To strengthen my organization skills.
To encourage daily reading and writing.
To help me remember details in stories that have made an impression on me and that I feel are important to focus on in my reviews, or to further research.
To keep learning and growing intellectually.
The five steps I mentioned are just a few of habits I want my focus to be on with my reading and writing. I’m confident that Carroll’s book will be helpful with my journey.
I’m still not entirely certain what medium I will use for my journal. I’m leaning towards altering a book. That way I can create art pages and add images as well that relate to the story. Of course, you can do that with a blank notebook or an actual journal. I prefer to use what I have on hand to limit my spending. I’m really looking forward to this worth-while endeavor and sharing my progress with you all.
Be sure to read, before the second sleep’s post on, Bullet Journaling 101. There are wonderful insights on the art of using the Bullet Journal method and how you can utilize the journal in other ways.
Help support Layered Pages to keep providing great content by donating to our PayPal Tip Jar. Thank you! -Stephanie Hopkins
I’ve pondered about how I wanted to talk about mixed media art’s origins for quite sometime now. Which is difficult because I know I will ruffle some feathers with a few of my comments about the industry today.
Allow me to first begin by giving a little lesson of what the craft represents. Or mediums, I should say, because mixed media art is taking different types of materials and combining them to make art. Whether it is paper, paint, wood, metal, clay, leaves, tree bark, thread, textile, plastic, and collage. Really this form of art can be made from anything. It’s combining two or more elements of materials that makes it mixed media art.
For the most part, the Art industry tells us that mixed media art began around 1912 with artists such as Picasso and Georges Braque. While I understand the art shift during that period-I’ve studied art history- these artists brought it to the forefront, the medium itself is much older than the turn of the 20th Century.
Today’s mixed media art is widely known for collage, 3-D arrangements of objects, multi-media, altered books, art tags, ATCs-which have been created much longer than one might think-and other mediums not listed.
Who are some of these leading mixed media artists today that sell supplies and their brand to create many of these wonderful art projects?
Not too long ago, scrap-booking was all the rage and many of the mixed media artists we see today, evolved their scrapbook supply business to mixed media art. Meaning, the industry changed somewhat and people started channeling their memory recording to different methods, such as altering books, making junk journals and so on… Now don’t get me wrong; people have been doing this for generations. Decades really. Actually, since ancient times. People back in the day didn’t have the volume of materials we do today and they would use what materials they had around their home and the land around them.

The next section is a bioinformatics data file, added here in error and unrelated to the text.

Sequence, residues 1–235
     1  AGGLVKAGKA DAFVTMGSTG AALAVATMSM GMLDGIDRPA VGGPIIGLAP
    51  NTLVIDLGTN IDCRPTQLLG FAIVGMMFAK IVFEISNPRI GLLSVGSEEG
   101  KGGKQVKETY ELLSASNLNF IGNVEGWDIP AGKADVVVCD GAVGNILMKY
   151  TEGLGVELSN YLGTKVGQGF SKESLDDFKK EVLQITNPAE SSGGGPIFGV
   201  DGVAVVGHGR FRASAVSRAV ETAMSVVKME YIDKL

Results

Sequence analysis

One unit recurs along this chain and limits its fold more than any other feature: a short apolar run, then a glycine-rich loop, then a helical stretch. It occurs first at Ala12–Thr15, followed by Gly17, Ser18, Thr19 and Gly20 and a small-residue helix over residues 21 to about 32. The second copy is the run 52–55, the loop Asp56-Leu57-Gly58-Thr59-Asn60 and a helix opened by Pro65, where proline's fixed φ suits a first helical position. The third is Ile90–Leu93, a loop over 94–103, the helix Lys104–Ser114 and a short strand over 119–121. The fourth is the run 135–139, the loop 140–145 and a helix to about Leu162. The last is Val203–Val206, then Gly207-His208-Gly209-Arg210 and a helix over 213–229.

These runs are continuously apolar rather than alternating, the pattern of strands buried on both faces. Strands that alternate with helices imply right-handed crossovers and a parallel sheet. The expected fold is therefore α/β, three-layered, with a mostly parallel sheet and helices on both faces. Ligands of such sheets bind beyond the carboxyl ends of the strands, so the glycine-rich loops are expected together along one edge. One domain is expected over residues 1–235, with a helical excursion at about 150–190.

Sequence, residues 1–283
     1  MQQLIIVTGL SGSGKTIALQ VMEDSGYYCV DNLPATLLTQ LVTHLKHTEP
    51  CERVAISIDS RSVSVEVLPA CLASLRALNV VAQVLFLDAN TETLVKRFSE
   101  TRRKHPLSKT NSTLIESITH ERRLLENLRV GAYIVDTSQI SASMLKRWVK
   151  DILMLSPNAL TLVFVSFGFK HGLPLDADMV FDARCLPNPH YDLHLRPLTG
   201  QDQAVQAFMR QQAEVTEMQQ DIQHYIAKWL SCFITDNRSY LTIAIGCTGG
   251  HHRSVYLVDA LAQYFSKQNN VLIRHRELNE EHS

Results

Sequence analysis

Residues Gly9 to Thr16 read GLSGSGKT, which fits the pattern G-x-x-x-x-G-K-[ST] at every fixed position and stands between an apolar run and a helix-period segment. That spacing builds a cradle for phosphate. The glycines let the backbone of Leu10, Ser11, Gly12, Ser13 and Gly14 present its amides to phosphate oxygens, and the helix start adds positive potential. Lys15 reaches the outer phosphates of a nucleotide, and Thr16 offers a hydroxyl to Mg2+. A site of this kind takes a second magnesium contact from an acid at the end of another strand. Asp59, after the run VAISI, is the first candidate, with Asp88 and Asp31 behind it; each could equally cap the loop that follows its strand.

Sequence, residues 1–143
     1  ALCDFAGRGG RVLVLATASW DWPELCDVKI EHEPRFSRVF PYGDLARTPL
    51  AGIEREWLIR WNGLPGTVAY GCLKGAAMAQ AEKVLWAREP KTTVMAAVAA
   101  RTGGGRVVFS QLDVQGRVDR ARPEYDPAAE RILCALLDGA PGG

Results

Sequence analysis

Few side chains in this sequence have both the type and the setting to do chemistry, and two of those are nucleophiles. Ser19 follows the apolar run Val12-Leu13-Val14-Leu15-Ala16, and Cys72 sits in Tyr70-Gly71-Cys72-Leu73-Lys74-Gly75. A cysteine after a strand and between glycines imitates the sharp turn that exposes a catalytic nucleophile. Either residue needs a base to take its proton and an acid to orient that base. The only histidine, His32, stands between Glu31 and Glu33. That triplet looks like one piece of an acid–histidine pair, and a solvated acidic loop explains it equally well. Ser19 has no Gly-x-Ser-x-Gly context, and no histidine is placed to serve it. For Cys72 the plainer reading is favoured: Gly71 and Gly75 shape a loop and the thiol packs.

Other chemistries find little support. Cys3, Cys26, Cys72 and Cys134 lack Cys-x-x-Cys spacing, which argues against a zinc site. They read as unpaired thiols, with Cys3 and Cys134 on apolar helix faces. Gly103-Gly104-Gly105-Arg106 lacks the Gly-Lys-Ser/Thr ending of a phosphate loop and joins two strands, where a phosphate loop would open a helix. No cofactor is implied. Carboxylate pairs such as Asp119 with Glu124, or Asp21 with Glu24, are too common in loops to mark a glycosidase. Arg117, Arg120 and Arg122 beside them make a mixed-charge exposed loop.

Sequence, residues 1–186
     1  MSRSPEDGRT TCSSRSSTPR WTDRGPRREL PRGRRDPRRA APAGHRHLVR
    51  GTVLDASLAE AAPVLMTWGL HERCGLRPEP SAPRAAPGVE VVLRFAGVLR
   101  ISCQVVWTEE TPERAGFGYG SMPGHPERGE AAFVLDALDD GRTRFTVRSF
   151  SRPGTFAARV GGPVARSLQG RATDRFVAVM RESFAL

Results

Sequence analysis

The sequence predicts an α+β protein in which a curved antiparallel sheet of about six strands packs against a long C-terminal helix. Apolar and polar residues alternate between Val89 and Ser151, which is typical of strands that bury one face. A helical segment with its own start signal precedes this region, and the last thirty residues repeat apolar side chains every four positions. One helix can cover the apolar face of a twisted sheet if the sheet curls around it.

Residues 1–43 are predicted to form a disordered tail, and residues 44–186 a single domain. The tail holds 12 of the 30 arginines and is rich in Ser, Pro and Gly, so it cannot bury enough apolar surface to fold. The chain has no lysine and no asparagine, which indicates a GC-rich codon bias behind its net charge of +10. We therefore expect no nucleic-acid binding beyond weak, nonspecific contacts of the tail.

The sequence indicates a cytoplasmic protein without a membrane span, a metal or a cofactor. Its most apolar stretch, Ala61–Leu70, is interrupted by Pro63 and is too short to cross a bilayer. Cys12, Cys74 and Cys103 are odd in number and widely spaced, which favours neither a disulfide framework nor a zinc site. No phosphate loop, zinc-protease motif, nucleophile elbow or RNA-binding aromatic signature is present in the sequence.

Inspiration is a wonderful thing and we all put our spin on the craft or add our own style to make it our own. We find solace and comfort in crafting.
It is wonderful we have so many creative people sharing their techniques they’ve learned but please don’t be fooled that they are always originals. Even the designs or supplies they use to sell are not all originals. I’ve seen many of the designs, stencils and ephemera used for sale long before they came out with them online and from other sources. I do understand and know about copyright, out of print and buying rights…but please don’t pass them off as your creations or never correct people when they say how brilliant your designs are.
Don’t get me wrong, I admire many artists in this field but I keep my eyes open and I’m aware that the true founders of the craft are originated from many civilizations long ago. I look forward to discussing further about the question of has mixed media art really evolved that much? Or the mind-set that goes into the craft-if you will.
Keep learning. Keep creating. Be you. You got this!
I hope this letter finds you well and you’ve had a lovely and productive week. My hours have been filled with writing, reading, studying, new art projects and reflection. I have many exciting posts to share with you all in the coming weeks and months.
I did complete my index card art challenge a few days ago. However, I am not featuring them this week after all. Next week I will be sharing the remaining cards I created with a picture(s) of the entire collection (100 cards) as well.
If you haven’t already, please, take the time to read at my posts from earlier on this week. I want to wish you all a lovely and blessed weekend.
I leave you with a quote from Charles Dickens.
“Reflect upon your present blessings of which every man has many not on your past misfortunes, of which all men have some.”